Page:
Did you ever have somebody say they did you a favor, but after hearing what that favor was you didn’t know if the favor was really for your good or for theirs?

This recently happened with Google and their new change to how daily budgets are going to work.  Previously, advertisers would set a daily limit on how much they are willing to spend on a campaign (or multiple campaigns if using a shared budget).  By setting a budget, advertisers were assured never to spend any more than 20% over that budget on any given day.  Google gave themselves a little wiggle room in case the clicks for a campaign would come in fast and furious.  Understandable, okay.

However, I was shocked when I logged into my account last week and saw the following message:

Daily Budget Notification

Let me translate from Google speak.  An advertiser’s campaigns will no longer be limited to their daily budget +20% instead Google can charge up to twice as much as what an advertiser agreed that they are willing to spend per day.

In theory, this makes sense because if traffic for a campaign suddenly spikes and if your campaign is converting at a profit you wouldn’t want to have your ads stop showing, right?

Now Google wants their advertisers to be successful, after all those advertisers who are not successful/profitable will probably not continue to use Google to advertise.  However, Google also wants to make as much money as they can from their advertisers in order to grow.  So whose best-interest is the change to AdWords budget really for?

Well, consider these scenarios:

What if there is a spike in traffic that is not converting?

or

Make Each Click Count - T.O.P. Guide To Success Using Google AdWords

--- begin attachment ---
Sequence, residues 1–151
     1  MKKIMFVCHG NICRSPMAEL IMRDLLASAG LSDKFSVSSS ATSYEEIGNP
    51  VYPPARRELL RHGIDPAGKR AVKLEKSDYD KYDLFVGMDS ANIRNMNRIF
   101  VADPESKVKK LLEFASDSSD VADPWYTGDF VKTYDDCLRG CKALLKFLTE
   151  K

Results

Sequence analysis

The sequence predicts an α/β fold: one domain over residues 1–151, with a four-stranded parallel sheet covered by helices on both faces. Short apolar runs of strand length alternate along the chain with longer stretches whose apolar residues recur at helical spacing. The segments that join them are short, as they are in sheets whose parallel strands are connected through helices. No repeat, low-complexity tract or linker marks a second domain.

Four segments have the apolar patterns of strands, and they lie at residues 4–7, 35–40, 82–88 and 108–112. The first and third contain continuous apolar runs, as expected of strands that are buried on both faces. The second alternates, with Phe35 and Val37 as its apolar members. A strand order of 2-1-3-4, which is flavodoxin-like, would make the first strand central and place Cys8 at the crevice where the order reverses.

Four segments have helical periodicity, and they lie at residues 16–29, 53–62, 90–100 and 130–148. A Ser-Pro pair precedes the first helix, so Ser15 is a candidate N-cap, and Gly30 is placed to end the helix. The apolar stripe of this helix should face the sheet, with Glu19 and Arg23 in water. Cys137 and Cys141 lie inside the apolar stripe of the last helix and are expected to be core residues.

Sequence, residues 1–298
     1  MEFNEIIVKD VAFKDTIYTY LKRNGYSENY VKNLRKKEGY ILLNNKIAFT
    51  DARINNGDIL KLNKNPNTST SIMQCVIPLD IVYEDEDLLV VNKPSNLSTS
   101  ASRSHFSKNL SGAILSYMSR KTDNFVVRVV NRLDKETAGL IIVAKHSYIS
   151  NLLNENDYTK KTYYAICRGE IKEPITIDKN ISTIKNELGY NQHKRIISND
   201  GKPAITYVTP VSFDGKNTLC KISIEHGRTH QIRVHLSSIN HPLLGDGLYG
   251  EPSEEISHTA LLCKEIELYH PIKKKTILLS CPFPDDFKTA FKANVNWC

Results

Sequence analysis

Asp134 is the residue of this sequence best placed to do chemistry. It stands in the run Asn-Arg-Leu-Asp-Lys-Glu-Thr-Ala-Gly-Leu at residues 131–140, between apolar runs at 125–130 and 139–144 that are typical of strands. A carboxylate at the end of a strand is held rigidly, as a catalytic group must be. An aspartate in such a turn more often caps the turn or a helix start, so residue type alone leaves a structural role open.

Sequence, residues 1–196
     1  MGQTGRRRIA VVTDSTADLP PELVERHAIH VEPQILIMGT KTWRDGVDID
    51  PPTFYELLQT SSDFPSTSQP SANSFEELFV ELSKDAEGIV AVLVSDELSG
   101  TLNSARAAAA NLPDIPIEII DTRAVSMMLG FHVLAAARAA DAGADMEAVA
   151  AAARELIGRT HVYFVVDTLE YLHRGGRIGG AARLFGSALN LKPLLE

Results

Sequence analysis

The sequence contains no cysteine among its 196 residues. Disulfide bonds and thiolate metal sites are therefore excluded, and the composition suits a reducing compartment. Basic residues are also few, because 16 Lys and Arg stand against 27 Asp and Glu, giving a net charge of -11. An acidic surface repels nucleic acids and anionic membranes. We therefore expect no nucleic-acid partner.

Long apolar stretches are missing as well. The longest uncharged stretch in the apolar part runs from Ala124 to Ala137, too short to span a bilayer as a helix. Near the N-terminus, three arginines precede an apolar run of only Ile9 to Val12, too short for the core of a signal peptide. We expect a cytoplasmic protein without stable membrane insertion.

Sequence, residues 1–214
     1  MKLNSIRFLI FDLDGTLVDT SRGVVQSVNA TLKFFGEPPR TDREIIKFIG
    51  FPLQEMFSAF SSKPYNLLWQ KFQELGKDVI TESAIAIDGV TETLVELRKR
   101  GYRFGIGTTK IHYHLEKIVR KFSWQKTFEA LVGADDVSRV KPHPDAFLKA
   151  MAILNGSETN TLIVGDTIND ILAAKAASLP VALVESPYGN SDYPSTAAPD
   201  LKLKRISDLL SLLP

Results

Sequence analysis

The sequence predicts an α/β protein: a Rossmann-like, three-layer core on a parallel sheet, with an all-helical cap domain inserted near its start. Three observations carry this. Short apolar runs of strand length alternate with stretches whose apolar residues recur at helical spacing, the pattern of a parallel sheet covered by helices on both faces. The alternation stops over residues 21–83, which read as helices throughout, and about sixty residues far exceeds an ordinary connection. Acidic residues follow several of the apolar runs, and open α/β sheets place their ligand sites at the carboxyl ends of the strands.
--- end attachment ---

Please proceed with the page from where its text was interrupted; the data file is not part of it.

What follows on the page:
What happens to your ads near the end of the month given your daily budget has doubled on non-converting traffic and thus depleted your monthly budget?

or

What if you pause an underperforming campaign before the end of the billing cycle?

These 3 scenarios would all negatively affect an advertisers and scenarios that need to be considered when creating your daily budget.

Daily budgets have long been used as a protective net against large spikes in non-converting traffic.  Google has now removed this safety net and Google advertisers need to be fully aware of this fact.

So the question to ask yourself as you review your current budgets are the following:

  1. Always the most important question – are all of your campaigns currently profitable?
  2. Are you using negative keywords to limit your exposure for non-converting keyword searches?
  3. Are you currently managing bids on individual keywords within your campaign? Meaning are you bidding higher for keywords that convert compared with those that convert less frequently.
  4. Are you or is someone else on your marketing team regularly checking your AdWords accounts for both profitability and updating non-converting keywords to your negative keyword list?

If the answer is no to any of the questions above, you may need to consider lowering your budgets. This of course is difficult to do as we approach the holiday season, and I’m not suggesting you cut your budgets in half across your entire account, but profitability is the key to success using Google AdWords and you need to consider the question above when determining how well your account is currently optimized.

After all, you must do what is in your best interest even if a friend of yours says they have just done you a favor:>

Happy Marketing!

Andy Splichal

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ABOUT THE AUTHOR: